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Battle Without Honor and Humanity: Comparison (Eureka vs. Home Vision) 
Written by: on December 25th, 2004

Theatrical Release Date: Japan, 1973
Director: Kinji Fukasaku
Writers: Kazuo Kasahara, Koichi Iiboshi
Cast: Bunta Sugawara, Hiroki Matsukata, Tatsuo Umemiya, Tsunehiko Watase, Nobuo Kaneko

DVD released: 2002 2004
Approximate running time: 99 99
Aspect Ratio: 2.35:1 Anamorphic Widescreen 2.35:1 Anamorphic Widescreen
Rating: 18 NR
Sound: Dolby Digital Mono Japanese with English subtitles Dolby Digital Mono Japanese with English subtitles
DVD Release: Eureka Video Home Vision
Region Coding: Region
2 PAL
Region 1 NTSC
Retail Price: $24.95 $19.95
Eureka Video’s Region 2 DVD
Home Vision’s Region 1 DVD
 

The Film :

Shozo Hirono (Bunta Sugawara) an ex-solider living in Hiroshima after World War II. Hirono is sent to prison for killing a man and while there he Hirono meets Wagasugi (Tatsuo Umemiya). They become blood brothers which lead tories are fought for and Hirono quickly learns that betrayal and murder like loyalty are par Hirono’s introduction into the world of the yakuza. Battles erupt as gangs as territot of the yakuza code.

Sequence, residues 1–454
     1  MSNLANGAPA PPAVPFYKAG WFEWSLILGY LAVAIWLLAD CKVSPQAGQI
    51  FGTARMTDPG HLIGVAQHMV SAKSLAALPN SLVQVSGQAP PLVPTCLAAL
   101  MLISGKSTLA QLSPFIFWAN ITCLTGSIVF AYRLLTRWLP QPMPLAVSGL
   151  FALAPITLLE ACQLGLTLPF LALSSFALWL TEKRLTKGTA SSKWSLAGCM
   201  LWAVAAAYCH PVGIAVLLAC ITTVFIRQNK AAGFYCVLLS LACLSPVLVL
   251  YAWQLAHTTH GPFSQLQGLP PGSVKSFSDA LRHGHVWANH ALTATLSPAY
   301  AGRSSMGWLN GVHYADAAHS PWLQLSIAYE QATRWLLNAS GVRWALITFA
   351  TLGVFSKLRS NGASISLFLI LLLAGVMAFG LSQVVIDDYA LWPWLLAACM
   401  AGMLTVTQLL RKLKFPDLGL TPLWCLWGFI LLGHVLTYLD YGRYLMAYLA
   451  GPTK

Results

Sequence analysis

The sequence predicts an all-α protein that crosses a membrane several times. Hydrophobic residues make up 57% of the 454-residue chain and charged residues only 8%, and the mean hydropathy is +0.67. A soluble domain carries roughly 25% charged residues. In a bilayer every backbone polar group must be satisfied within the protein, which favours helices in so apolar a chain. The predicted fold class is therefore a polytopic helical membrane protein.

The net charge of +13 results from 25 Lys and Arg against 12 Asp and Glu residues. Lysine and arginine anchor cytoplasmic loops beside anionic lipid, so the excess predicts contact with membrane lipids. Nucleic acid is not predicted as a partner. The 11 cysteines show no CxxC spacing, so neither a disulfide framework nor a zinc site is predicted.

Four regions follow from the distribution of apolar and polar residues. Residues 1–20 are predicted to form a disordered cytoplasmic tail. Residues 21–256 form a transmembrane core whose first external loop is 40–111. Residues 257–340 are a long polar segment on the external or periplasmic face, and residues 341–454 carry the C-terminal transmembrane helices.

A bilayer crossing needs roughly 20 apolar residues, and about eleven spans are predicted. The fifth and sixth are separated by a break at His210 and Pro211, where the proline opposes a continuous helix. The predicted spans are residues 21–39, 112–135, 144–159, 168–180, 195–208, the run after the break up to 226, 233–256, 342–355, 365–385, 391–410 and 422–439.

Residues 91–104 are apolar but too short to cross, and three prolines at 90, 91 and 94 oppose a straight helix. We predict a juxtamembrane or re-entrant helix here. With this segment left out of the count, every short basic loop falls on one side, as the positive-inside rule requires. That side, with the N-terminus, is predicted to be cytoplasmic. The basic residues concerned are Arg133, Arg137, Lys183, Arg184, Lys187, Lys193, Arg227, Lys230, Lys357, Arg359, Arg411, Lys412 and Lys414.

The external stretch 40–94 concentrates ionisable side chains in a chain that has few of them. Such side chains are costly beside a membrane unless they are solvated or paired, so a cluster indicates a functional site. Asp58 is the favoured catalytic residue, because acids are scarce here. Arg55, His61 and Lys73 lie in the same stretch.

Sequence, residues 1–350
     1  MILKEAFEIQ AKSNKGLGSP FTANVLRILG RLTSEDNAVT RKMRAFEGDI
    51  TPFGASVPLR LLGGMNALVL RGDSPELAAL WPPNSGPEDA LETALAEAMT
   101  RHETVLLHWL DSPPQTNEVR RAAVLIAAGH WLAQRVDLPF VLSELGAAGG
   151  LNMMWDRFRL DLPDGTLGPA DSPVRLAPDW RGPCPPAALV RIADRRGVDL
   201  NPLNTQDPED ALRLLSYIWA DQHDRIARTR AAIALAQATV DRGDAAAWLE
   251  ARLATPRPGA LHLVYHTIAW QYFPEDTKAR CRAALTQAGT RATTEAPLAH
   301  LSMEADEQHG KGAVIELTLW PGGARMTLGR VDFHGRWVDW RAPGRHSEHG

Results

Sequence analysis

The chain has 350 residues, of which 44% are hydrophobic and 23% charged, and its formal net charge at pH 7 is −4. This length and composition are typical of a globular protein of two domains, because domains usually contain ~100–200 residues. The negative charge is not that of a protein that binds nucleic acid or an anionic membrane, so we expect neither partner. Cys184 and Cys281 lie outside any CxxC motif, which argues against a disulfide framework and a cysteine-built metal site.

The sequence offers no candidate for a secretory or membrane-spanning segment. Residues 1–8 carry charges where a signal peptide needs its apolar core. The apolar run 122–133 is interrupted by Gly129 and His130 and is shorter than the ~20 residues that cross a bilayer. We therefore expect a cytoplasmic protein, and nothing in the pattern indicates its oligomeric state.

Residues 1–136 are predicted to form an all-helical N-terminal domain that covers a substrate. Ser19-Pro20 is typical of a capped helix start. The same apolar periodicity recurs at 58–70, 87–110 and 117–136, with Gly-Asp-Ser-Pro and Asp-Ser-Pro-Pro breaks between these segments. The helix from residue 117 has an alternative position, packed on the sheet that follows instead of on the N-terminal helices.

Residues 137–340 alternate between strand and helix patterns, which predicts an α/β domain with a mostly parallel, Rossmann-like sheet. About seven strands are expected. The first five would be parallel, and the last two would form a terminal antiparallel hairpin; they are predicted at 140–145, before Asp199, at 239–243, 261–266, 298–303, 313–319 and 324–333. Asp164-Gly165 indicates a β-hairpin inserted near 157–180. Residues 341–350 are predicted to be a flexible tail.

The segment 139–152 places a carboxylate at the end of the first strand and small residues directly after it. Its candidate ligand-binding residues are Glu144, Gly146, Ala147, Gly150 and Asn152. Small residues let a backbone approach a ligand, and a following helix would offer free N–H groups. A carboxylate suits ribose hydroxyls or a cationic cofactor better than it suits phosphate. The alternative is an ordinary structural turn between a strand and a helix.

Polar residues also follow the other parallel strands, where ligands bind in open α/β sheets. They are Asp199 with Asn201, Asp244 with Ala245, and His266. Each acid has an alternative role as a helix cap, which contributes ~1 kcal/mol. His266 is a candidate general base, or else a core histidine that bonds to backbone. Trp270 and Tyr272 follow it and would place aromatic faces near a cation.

Video:

Unlike their previous Kinji Fukasaku releases that had been plagued with all sorts of problems Eureka’s Battle without Honor and Humanity looks pretty good. This release offers a great amount of detail in every frame with solid colors and natural flesh tones. Home Vision’s release offers a superior color palette and I prefer how the flesh tones look on their release vs. Eureka’s. The amount of detail is exceptional in the Home Vision release which is ever more evident in night time/darker scenes. Framing wise both releases look to be about the same and the both present the film in an anamorphic widescreen that preserves the films original 2.35:1 aspect ratio.

Audio:

Both releases come with a Dolby Digital mono Japanese audio track and English subtitles that are easy to read and follow. Both releases audio tracks are clean and free of any hiss or distortion. The action is always clean and easy to follow. Home Vision subtitles are more accurate then Eureka’s.

Extras:

Eureka’s release includes the following extras a photo gallery and director’s profile. Home Vision’s release includes the following extras. Trailers for the Yakuza Papers (Volumes 1-5), Graveyard of Honor, Street Mobster, director filmography and a booklet called the Family Tree that is a comprehensive story guide that helps sort out the Yakuza Papers series complicated plot. Both releases fall short in the extras department with the slight edge going to Home Vision for their comprehensive story guide for the Yakuza Papers series.

Overall:

Even though Eureka finally delivers with one of their better transfer’s to date for a Kinji Fukasaku film they still fall short in terms of quality when compared to Home Visions Battle without Honor and Humanity release which offers a superior transfer and slightly more extras.

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